So here I am, now 19 years out of medical school, and I’m starting over. Not because I am any less passionate about caring for the sick, but precisely because of how passionate I am. You see, the other dirty little secret is that nearly all our education is in the treatment of disease. We spend countless hours learning about infectious diseases and cancer and heart disease and strokes and dementia and on and on and on. We piece together the symptoms of our patient with their physical exam and labs and x-rays and give them a diagnosis. Then we deploy our other greatest expertise to treat them – drugs. If I had to put a number on it, about 95% of our education centered on Diseases and Drugs.
The overwhelming focus of my career (and those of my peers as well) has been the diagnosis and treatment of disease. I performed these services in the confines of systems that need sick people to stay in business. Without disease, the doors could never stay open. And this is the ultimate paradox in healthcare. Early in our careers, we young doctors would often say to ourselves that we are the only profession that altruistically wants to put itself out of business. Middle-aged me now admits this is far from the truth. Medicine is big business, and sick patients keep healthcare dollars flowing. Sad, but oh so true.
It is in this context that my wife and I started a journey this year born out of our own medical nightmares. We are both doing well, but have been awakened to how ignorant we were of what it actually means to have and maintain HEALTH. I’ve often said the most dangerous doctor is the one who has no idea what he doesn’t know, and here I was realizing I had a blind spot in what it takes be healthy and to actually compel patients to take non-pharmacologic actions to improve or even eliminate their own disease. The insights we continue gaining to improve the health of ourselves and others is far more motivating than the diagnosis and treatment disease. And while we can never prevent and fully stamp out all disease, it certainly seems like a better goal than just putting up with disease to keep the doors of our clinics and hospitals open. More on all of this later!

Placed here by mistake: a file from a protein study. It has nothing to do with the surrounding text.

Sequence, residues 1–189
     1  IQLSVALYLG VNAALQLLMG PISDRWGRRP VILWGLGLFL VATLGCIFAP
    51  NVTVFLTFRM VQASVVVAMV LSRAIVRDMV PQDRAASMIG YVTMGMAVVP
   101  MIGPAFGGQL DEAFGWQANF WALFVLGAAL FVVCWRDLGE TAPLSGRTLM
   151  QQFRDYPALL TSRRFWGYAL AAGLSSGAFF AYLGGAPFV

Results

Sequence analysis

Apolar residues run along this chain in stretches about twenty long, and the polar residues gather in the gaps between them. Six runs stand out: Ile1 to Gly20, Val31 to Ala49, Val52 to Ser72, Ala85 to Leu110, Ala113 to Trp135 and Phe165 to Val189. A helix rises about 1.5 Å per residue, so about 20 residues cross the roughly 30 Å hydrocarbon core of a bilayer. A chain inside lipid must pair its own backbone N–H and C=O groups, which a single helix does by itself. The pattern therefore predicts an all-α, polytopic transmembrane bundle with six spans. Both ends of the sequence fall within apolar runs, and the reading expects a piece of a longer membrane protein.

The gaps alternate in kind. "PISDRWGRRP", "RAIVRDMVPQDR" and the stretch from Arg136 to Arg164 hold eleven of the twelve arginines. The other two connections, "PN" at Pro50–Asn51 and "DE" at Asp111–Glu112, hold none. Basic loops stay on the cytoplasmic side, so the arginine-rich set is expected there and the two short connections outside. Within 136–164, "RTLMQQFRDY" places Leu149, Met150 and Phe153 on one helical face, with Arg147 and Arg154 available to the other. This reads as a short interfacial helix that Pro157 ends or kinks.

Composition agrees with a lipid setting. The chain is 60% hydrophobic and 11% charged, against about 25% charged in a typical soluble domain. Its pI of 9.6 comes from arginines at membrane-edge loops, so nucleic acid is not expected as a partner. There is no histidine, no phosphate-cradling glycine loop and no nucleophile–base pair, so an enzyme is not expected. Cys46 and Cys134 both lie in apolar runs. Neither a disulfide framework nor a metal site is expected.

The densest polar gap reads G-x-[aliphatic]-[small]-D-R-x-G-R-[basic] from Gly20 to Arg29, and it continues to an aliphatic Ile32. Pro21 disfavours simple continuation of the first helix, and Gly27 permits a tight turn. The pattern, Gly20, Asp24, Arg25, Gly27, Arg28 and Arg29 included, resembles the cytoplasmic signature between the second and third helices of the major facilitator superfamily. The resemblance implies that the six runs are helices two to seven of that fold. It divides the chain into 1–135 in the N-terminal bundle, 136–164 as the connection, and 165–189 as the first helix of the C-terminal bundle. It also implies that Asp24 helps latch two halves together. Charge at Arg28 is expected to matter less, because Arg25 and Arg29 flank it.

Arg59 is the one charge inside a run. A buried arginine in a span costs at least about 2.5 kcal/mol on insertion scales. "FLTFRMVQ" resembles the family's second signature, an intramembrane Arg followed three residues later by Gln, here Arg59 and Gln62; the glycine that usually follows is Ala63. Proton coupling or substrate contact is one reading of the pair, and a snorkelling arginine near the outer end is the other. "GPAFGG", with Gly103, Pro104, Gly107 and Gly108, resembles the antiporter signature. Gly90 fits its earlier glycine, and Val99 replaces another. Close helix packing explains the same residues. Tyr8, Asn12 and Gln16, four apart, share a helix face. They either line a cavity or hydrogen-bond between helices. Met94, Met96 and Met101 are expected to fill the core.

This is the start of what I’m calling The 46 Project. I like projects, as defining methods and goals is far more practical than the nebulous notion of just wanting to be a better, more loving, healthier person. I haven’t really started a project I was intimately passionate about since college. In fact, the last real project I completed was accomplishing everything it took to get in to medical school. Huh. Weird. I’ll also be revealing some other tangential projects as I go along. I have suppressed and suppressed long enough, and some ideas just won’t die in my mind and need a chance to be born.
Most people would look at the family, career and possessions I have at age 46 and think, “That guy has it all!” And they’d largely be right. I have a wonderful family and I’ve done a lot of good in caring for patients, but I have also spent too much time on the acquisition of things (and the resultant time and cost of maintaining these things) and have been too willing to go with the flow to avoid conflict. If I’m brutally honest, I’m also pretty damn frustrated at how I physically feel at this inflection point. The lack of time I’ve dedicated to self-care is a reflection of my own misplaced priorities. I have built little in terms of lasting legacy, and I know quite well I’m capable of doing a great deal more than just treating one diseased patient at a time. So, The 46 Project begins.